Written by Maurice Collum.
Indie games are somewhat of a mixed bag for me. On occasions, they can be a rare gem, but the majority of the time they are a reject PlayStation Plus offering no one asked for. Blue Rider isn’t top rank of its fleet, but it does enough to survive.
Blue Rider is a top-down, twin stick shooter in the simplest terms. It lacks any real premise or instruction, leaving it all for the player to figure out. Upon starting the first stage, you are warped into an unspecified location with only your instinct telling you to press forward and shoot anything that moves. It’s this instinct which will serve as your guide throughout the nine stages.
Each stage consists of varying enemy robots, from grunts to vehicles, and a boss battle at the end to cap it off. Power ups are scattered throughout to help strengthen your offence, and relics to collect serve only to increase your score. In true arcade fashion, the scoring system and power ups are key to your success.
You begin with a single life but can gain more by reaching undefined scoring targets. This is where the rampage meter (or multiplier) comes into effect. Each kill increases the meter and filling the meter will increase the multiplier, to a maximum of 10. It’s this system that determines the pace of the game. Your accumulative score is recorded throughout and your highest score is presented to you on the main menu. This is for your benefit alone as there is no online leaderboard or way to compare with your friends. Not exactly an incentive to improve on my score.
To avoid being overwhelmed by enemies while learning the basics, I took things slow, picking off enemies one by one before proceeding to the next area. It didn’t take long to realise I would be punished for playing this way. The game is intended to be completed on a single play-through and at speed. To do this, you will need to embrace the rampage meter to earn extra lives. The meter depletes while you aren’t killing, and regardless of what level of multiplier you are on, the rampage level reverts to zero should it ever deplete entirely, so it’s best to keep a close eye on it at all times.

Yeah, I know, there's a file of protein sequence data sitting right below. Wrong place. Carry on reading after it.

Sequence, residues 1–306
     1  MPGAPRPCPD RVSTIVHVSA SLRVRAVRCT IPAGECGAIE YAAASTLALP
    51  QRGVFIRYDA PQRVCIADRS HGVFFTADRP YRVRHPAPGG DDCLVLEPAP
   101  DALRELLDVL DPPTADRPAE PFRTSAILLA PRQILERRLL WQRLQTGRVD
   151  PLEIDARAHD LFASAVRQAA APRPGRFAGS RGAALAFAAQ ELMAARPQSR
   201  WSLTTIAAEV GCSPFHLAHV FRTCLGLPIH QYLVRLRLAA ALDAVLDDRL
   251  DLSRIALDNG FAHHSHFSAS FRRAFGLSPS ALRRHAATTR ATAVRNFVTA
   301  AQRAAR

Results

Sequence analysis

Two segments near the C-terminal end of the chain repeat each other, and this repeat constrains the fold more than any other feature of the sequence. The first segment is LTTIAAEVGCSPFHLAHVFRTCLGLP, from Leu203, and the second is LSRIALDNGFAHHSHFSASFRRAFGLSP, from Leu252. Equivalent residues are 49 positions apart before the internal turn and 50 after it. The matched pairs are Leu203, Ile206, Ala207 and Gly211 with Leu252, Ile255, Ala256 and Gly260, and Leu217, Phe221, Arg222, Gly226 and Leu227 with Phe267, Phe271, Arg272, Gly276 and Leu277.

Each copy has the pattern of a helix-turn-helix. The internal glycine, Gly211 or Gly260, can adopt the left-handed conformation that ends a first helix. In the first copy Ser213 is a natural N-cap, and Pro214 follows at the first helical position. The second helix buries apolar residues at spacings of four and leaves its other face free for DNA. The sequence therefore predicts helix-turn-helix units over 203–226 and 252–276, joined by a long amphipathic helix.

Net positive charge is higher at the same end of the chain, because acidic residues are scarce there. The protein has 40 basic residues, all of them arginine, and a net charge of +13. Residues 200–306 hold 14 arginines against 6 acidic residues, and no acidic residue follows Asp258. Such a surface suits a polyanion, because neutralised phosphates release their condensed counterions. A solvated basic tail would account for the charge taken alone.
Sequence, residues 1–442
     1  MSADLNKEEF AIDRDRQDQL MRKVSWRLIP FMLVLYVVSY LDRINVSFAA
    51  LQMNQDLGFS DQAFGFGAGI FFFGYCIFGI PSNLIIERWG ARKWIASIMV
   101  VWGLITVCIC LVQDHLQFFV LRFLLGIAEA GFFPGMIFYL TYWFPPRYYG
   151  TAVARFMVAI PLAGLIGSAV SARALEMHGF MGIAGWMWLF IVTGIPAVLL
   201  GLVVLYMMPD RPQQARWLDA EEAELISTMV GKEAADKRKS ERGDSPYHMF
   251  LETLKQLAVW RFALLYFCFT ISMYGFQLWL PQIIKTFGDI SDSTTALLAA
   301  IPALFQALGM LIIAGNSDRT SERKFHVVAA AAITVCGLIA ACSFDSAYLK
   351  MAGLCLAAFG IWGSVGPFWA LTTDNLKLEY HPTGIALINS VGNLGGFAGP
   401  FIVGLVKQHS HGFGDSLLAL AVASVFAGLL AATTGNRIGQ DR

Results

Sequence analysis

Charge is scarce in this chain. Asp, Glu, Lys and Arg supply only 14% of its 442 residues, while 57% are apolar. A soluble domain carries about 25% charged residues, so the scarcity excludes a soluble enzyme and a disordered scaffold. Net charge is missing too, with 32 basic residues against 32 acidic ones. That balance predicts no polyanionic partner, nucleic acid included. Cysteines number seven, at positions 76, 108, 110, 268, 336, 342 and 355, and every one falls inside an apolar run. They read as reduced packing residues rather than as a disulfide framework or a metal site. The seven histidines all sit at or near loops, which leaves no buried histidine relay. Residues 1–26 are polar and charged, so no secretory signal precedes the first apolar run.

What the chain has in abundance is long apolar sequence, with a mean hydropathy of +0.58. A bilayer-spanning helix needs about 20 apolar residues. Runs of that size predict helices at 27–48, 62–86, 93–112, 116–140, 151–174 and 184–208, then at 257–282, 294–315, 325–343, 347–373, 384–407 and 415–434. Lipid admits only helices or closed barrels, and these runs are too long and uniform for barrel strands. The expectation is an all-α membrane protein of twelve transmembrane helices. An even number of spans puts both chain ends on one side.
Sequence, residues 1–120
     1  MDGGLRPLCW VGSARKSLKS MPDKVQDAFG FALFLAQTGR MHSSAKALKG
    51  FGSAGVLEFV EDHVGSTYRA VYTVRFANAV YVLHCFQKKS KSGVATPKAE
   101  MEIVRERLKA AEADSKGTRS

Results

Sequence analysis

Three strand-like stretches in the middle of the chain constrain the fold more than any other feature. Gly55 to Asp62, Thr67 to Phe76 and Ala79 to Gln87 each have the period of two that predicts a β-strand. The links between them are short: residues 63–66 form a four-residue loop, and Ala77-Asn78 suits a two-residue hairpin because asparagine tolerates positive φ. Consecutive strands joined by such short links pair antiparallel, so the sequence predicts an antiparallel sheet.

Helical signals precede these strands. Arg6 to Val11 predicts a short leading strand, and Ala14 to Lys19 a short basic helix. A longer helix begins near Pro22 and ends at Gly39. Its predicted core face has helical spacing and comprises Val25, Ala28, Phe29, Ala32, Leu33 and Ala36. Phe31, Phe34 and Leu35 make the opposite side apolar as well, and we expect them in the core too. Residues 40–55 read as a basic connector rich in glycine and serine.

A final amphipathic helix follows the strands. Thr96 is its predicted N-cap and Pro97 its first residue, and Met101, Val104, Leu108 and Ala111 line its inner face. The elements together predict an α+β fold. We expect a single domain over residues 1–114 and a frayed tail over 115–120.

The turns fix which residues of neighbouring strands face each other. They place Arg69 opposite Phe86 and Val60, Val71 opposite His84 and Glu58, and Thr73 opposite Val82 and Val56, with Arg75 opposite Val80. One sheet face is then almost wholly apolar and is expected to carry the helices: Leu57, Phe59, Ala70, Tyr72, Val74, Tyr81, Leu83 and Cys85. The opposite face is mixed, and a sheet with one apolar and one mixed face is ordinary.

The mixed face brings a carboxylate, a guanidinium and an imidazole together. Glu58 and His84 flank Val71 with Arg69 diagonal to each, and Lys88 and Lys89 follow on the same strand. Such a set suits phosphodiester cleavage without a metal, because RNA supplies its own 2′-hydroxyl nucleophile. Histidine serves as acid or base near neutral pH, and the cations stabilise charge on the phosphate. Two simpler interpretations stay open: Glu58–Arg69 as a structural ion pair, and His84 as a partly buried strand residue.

Weapon power ups are crucial. You start with a primary infinite laser, and a secondary rocket barrage. Rockets can be replenished by random enemy drops. There are two primary and two secondary weapon types, and the combination you fight with is up to you. Primary consists of direct or spread lasers, and regular or homing rockets. Weapons are upgraded by collecting matching colour power ups, and swapped by collecting the alternate colour. My advice, choose your weapon early and upgrade it at every opportunity. This allows swift navigation through each stage, and reduces the challenge of bosses.
Boss encounters are the most enjoyable aspect of Blue Rider, being that they offer variety to the rinse and repeat level design. Each boss requires a different strategy, changing their attack as you wear them down, either by introducing another weapon or spamming bullets. Combine this with being locked in limited space arenas and it keeps the tension high. Your accuracy and manoeuvring abilities will be tested. Thankfully, the controls are tight and responsive allowing you to weave between a barrage of bullets while returning fire with ease.
This leads me to my list of flaws. I understand the need to earn lives through skilful play, but I disagree with the punishment for death. There are no checkpoints so you’re forced to restart the level with default and downgraded weaponry. So if you perfect your skills using direct fire and homing missiles, then be prepared to search for replacement power ups while dealing with strong enemies using weaker weaponry. From time to time, a message will appear between missions stating “To become stronger, start from stage one”. The game is essentially taunting you that the only way to complete it is to drag yourself through the early stages to earn your powered-up weapons or continue to die trying.
To be honest that does seem the only approach to beating this game. As levels only take five to ten minutes to complete, providing you are speed running, it isn’t exactly an endless slog, but it is frustrating doing it for the fifth time or more. Not only that, the difficulty ramps up on stage eight when exposed lava constantly damages your ship after rocks beneath you sink – you have to keep moving forward and are punished for retracing your steps.
Graphically the game is lacking for a next gen console. The quirky cartoon style helps keep things colourful but reminds me of older games like Jak & Daxter, and how good they looked two generations ago. Enemies explode in satisfying fashion though. Perhaps Blue Rider would have been better suited to the PlayStation Vita.
Sound design is questionable. Enemy bullets look and sound like bubbles, and the cyberpunk soundtrack seems misplaced but occasionally hits the right notes. There’s no option to adjust or mute sound levels, and Spotify can only mask it to a degree.
My time with Blue Rider was mixed with fun and frustration, but I became determined to stick with it after the occasional breather. The key to great indie games for me is either being unique or offering an exciting twist to a genre. As it stands, Blue Rider is a fun but stale entry into a genre with a plethora of exciting games. However, at its £11.99 asking price, you could do a lot worse. Perhaps if it was half the price and released on the Vita instead, I could recommend it more. The single playthrough design and difficulty spikes prevent Blue Rider from scoring higher.
- Tight and responsive controls
- Addictive when it isn’t frustrating
- Boss encounters offer variety to stale gameplay
- Single playthrough design
- Primitive graphics and levels
- Frustrating punishments and difficulty spikes
Written by Maurice Collum.